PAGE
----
Magnom in action

Particles captured by the Magnom. Note the heavy loading of the
top (upstream) core, which illustrates the efficiency of the unit.

Subsequent analysis of the debris revealed that 85% of the particles captured were smaller than 20 microns - debris that would have passed straight through a conventional suction strainer, causing pump wear.

The inconvenience of servicing a filter located inside the reservoir is a common reason why conventional suction strainers go unserviced - until after the pump fails. The Magnom Hydraulic Pump Mate shown is designed to hold 200 grams of wear metal - with no pressure drop across the filter. This means that all the components in the system would have to be replaced several times before the unit needs to be cleaned, making the Magnom unit virtually service free.

For more information, visit www.magnom.com or in the U.S. contact Keith Day on 312-738-1147 or email keith.day@magnom.com


2.   Pressure intensification in hydraulic cylinders

A question that I'm asked regularly is "What is the best way to test the integrity of the piston seal in a double-acting hydraulic cylinder?"

There is a simple bench-test for doing this but it involves the intensification of pressure in the cylinder. While the test procedure is safe if you understand the concept of intensification in a hydraulic cylinder - it is inherently dangerous if you don't.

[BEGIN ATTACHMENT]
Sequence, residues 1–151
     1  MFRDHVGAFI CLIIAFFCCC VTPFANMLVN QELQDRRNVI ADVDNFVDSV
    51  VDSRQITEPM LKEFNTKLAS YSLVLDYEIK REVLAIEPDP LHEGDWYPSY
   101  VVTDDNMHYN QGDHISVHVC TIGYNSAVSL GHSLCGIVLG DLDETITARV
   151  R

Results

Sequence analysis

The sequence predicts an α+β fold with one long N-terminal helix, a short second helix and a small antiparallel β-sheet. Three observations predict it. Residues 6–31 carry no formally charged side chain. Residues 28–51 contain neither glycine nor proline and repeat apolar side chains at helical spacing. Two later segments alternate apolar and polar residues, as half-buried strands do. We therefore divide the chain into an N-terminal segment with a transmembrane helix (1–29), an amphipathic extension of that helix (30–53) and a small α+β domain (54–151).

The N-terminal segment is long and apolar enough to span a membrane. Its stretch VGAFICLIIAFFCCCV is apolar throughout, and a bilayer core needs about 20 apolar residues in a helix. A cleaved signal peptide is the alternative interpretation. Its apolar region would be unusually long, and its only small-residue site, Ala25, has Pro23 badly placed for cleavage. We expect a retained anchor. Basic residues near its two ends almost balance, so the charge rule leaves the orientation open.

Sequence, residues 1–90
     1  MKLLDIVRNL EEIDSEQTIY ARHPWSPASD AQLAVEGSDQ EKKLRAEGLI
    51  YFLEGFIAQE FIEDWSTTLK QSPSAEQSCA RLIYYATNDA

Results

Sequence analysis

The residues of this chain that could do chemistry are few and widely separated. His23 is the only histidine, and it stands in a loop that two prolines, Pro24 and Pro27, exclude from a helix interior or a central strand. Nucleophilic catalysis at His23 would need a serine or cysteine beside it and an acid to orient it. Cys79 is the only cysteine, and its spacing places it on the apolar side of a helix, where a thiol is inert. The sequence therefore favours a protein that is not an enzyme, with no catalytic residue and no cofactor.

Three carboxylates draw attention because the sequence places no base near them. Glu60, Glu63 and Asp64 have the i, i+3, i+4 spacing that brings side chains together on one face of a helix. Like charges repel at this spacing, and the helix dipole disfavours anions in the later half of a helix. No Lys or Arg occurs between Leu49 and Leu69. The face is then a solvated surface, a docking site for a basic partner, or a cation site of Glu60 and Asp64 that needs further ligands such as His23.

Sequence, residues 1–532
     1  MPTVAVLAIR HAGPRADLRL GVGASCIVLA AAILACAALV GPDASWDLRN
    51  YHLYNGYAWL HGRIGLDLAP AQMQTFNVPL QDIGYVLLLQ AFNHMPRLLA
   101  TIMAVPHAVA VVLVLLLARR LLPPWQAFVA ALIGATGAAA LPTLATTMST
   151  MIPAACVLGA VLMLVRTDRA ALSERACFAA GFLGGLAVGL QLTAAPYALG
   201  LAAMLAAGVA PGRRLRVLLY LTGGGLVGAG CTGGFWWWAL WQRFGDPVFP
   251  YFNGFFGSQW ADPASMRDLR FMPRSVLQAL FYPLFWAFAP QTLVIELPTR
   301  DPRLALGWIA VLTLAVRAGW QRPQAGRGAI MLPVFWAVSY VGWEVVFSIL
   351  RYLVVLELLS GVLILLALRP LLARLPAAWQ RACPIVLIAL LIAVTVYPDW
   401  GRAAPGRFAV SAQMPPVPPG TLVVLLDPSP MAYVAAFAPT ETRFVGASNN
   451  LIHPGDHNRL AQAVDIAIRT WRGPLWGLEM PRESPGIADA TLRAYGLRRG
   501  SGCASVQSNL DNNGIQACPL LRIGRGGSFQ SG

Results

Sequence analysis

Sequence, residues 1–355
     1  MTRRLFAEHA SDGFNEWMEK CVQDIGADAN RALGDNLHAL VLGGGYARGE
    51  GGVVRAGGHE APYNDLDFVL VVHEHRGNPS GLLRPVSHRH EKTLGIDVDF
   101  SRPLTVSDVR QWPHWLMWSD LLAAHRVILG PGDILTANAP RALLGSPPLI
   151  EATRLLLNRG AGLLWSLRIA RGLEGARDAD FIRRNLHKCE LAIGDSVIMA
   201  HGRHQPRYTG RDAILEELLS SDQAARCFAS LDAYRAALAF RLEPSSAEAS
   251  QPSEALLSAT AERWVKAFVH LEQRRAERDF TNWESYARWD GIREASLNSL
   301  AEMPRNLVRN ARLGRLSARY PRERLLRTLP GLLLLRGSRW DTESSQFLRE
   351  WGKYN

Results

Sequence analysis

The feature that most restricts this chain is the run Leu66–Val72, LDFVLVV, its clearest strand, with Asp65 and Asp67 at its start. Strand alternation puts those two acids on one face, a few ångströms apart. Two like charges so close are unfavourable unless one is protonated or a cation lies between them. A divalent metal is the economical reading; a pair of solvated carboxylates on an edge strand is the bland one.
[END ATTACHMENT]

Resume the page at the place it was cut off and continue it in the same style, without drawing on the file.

In this article I will explain the dangers of intensification in a double acting cylinder and in next month's newsletter I will explain the test procedure.

Cylinder force

Force produced by a hydraulic cylinder is a product of pressure and area (F = p x A). In a conventional double-acting cylinder the effective area and therefore force produced by the piston and rod sides of the cylinder are unequal. It follows that if the rod side of the cylinder has half the effective area of the piston side, it will produce half the force of the piston side for the same amount of pressure.

Pressure intensification

The equation F = p x A can be transposed as p = F/A that is, pressure equals force divided by area. If the rod side of the cylinder has to resist the force developed by the piston side, with only half the area, then it needs double the pressure. This means that if the piston side is pressurized to 3,000 PSI a pressure of 6,000 PSI will be required on the rod side to produce an equal force. This is why pressure intensification can occur in a double-acting cylinder. Note that pressurizing a cylinder rated at 3,000 PSI, to 6,000 PSI can have devastating consequences.

If, for any reason, the piston side of a double-acting cylinder is pressurized and at the same time fluid is prevented from escaping from the rod side, pressure will increase (intensify) in the rod side of the cylinder until the forces become balanced or the cylinder fails catastrophically. Consider the following scenario one of our newsletter readers described to me recently: